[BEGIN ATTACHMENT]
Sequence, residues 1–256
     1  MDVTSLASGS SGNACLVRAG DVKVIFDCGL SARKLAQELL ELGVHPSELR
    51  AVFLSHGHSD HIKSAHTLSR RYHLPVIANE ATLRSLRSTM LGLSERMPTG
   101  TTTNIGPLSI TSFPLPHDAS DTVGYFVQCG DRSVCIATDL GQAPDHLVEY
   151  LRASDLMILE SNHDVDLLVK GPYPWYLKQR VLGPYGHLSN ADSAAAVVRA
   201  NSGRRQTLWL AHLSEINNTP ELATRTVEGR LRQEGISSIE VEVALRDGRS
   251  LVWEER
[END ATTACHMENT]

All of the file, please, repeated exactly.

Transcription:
Sequence, residues 1–256
     1  MDVTSLASGS SGNACLVRAG DVKVIFDCGL SARKLAQELL ELGVHPSELR
    51  AVFLSHGHSD HIKSAHTLSR RYHLPVIANE ATLRSLRSTM LGLSERMPTG
   101  TTTNIGPLSI TSFPLPHDAS DTVGYFVQCG DRSVCIATDL GQAPDHLVEY
   151  LRASDLMILE SNHDVDLLVK GPYPWYLKQR VLGPYGHLSN ADSAAAVVRA
   201  NSGRRQTLWL AHLSEINNTP ELATRTVEGR LRQEGISSIE VEVALRDGRS
   251  LVWEER